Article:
Talk:Entropy (classical thermodynamics)

From Wikipedia, the free encyclopedia
Jump to: navigation, search
WikiProject Physics (Rated B-class, High-importance)
WikiProject icon This article is within the scope of WikiProject Physics, a collaborative effort to improve the coverage of Physics on Wikipedia. If you would like to participate, please visit the project page, where you can join the discussion and see a list of open tasks.
B-Class article B  This article has been rated as B-Class on the project's quality scale.
 High  This article has been rated as High-importance on the project's importance scale.
 

Inexact differential[edit]

What *is* an inexact differential. I believe I was the person that put that redlink up a long while ago, and I had hoped that someone would fill that space with an explanation. I still have no idea what the inexact differential symbol δ *means*. Does anyone know? Fresheneesz 09:34, 5 May 2006 (UTC)

Yes, loosely it means that the function may not exist; also in thermodynamics it means that that function is not a state function and that it is path dependent. This is just from memory, I may be off on a few technical points. We are working to build the inexact differential article. Help if you want. Thanks:--Sadi Carnot 13:54, 25 July 2006 (UTC)
WikiProject Physics (Rated B-class, High-importance)
WikiProject icon This article is within the scope of WikiProject Physics, a collaborative effort to improve the coverage of Physics on Wikipedia. If you would like to participate, please visit the project page, where you can join the discussion and see a list of open tasks.
B-Class article B  This article has been rated as B-Class on the project's quality scale.
 High  This article has been rated as High-importance on the project's importance scale.
 

Apparent contradiction in first paragraph (introduced by recent edits)[edit]

There is an apparent contradiction in the first paragraph. First it says, "the entropy is defined only for a system in thermodynamic equilibrium"; and then it says, "as the system moves toward equilibrium, the entropy of the system increases, becoming a maximum at equilibrium". But if entropy is defined only *at* equilibrium, it will be *undefined* *before* a system reaches equilibrium. Therefore, the current wording implies that a system that is moving towards equilibrium will have an undefined entropy for most of the time, and then, once it reaches equilibrium, it will have some entropy. Perhaps the wording of both sentences in this paragraph needs to be improved to remove the contradiction? —Preceding unsigned comment added by 76.117.93.253 (talk) 00:26, 29 August 2009 (UTC)

Agreed, this is a problem. Plastikspork ―Œ(talk) 04:49, 2 September 2009 (UTC)
Entropy is defined for a system that is at equilibrium. If a system that is not at equilibrium can be broken up into subsystems (A,B,C,D,...) each of which is at equilibrium. Then the entropy of the total system can be represented as the sum of the entropies of each subsystem. This often allows the entropy of a non-equilibrium system to be a well defined quantity. —Preceding unsigned comment added by Simpleliquid (talkcontribs) 18:02, 8 October 2009 (UTC)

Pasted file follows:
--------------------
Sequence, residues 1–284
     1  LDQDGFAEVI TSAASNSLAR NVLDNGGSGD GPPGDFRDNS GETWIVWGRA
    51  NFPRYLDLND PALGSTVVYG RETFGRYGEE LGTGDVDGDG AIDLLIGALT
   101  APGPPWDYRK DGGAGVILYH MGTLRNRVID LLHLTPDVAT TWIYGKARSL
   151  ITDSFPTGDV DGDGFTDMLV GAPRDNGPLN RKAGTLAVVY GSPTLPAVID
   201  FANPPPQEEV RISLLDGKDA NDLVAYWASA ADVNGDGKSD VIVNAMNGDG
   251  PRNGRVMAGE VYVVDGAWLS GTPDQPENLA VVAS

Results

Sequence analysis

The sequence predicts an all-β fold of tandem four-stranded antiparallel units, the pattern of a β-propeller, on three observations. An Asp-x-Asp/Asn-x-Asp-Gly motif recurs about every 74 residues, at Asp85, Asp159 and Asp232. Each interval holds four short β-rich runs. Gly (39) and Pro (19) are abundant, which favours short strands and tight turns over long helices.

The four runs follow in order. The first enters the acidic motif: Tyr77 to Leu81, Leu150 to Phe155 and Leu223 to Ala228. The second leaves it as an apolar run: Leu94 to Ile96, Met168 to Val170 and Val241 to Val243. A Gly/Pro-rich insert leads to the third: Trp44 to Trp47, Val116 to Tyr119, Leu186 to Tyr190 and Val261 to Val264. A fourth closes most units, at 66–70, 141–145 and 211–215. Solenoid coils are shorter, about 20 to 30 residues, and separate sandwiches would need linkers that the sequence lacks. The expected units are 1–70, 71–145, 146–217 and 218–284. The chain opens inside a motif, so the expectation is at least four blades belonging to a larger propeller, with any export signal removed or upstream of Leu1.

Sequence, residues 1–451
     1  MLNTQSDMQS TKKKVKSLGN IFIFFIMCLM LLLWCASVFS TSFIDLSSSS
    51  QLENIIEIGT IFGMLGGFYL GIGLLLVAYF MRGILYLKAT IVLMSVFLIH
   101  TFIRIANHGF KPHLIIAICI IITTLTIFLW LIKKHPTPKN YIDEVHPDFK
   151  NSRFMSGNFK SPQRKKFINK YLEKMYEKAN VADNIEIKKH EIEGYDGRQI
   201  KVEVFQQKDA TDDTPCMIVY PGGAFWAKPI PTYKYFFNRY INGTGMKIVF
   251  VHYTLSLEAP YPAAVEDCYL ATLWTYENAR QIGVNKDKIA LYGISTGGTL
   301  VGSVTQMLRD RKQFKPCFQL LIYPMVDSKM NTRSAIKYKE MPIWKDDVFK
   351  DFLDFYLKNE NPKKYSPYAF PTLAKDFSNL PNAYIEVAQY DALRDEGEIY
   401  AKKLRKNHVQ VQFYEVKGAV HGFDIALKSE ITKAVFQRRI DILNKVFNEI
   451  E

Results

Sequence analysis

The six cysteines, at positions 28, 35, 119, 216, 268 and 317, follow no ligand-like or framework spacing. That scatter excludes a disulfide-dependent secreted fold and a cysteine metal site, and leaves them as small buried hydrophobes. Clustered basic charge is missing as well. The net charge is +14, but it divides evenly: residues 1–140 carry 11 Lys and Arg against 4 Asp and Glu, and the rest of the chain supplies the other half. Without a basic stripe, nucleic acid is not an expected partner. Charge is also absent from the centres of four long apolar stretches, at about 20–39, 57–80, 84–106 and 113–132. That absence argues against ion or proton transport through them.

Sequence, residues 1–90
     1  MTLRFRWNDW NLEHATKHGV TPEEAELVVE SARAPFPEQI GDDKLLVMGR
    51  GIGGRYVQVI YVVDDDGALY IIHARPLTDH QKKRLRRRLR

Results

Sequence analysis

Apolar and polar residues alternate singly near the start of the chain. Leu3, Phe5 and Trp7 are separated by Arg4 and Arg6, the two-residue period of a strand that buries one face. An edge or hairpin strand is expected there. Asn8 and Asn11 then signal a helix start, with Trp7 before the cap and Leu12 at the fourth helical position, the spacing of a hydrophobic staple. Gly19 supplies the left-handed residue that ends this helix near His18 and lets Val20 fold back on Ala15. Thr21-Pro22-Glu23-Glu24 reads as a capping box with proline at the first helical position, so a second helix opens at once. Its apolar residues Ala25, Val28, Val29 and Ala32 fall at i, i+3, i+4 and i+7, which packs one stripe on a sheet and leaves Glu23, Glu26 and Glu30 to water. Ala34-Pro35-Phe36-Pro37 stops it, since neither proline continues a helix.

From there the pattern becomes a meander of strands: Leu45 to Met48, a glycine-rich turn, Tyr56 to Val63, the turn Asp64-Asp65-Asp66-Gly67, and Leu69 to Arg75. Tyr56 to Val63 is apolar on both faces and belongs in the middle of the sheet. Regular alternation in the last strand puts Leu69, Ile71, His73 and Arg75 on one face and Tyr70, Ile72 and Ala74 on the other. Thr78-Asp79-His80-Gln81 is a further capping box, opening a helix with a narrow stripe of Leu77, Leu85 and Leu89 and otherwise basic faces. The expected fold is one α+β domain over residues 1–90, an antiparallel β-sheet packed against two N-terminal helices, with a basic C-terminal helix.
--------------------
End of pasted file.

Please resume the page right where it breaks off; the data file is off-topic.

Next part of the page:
Ice melting example[edit]

In the Introduction there is reference to "the ice melting example", this phrase is linked to an apparent bookmark within the same article. But the link takes you nowhere. A little further on, the text says "However, as calculated in the example, the entropy of the system of ice and water has increased more than the entropy of the surrounding room has decreased." Again, the calculation is nowhere to be found. This is less than satisfying. Has the example with its calculation been deleted? If so, references to it should also be deleted. In either case, a modification of the text is called for. Wdanbae (talk) —Preceding undated comment added 10:05, 13 September 2010 (UTC).

Some suggestions for improvement[edit]

I like the article but I think there is room for improvement:

  1. I would prefer to change the order a bit. E.g. start with the definition of entropy.
  2. Through the small arrow, leaving and entering the engine in the figure, it is suggested that the system is not in the steady state: more energy goes in than out!
  3. The use of absolute bars is confusing (strictly speaking it is wrong). It assumes that the heat and work flows are in the positive directions indicated by the arrows. Application of the expressions with heat and/or work flowing in other directions would give false results.
  4. The entropy production is not a function of state and should not be expressed as ΔS. Better Si, where the lower index i refers to irreversible processes?
  5. The relation dS=δQ/T only holds for closed homogeneous systems. In these systems the processes are reversible (almost by definition).
  6. The term "universe" should be clarified (or, better, avoided). It is not the universe of the astronomers. Thermodynamics is a down-to-earth science.
  7. The Section on Entropy measurement only gives the expression for the temperature dependence of the entropy. Furthermore a more natural place for this Section would be directly after the definition. — Preceding unsigned comment added by Adwaele (talkcontribs) 13:57, 14 May 2012 (UTC)

Please respond.

Adwaele (talk) 10:21, 11 May 2012 (UTC)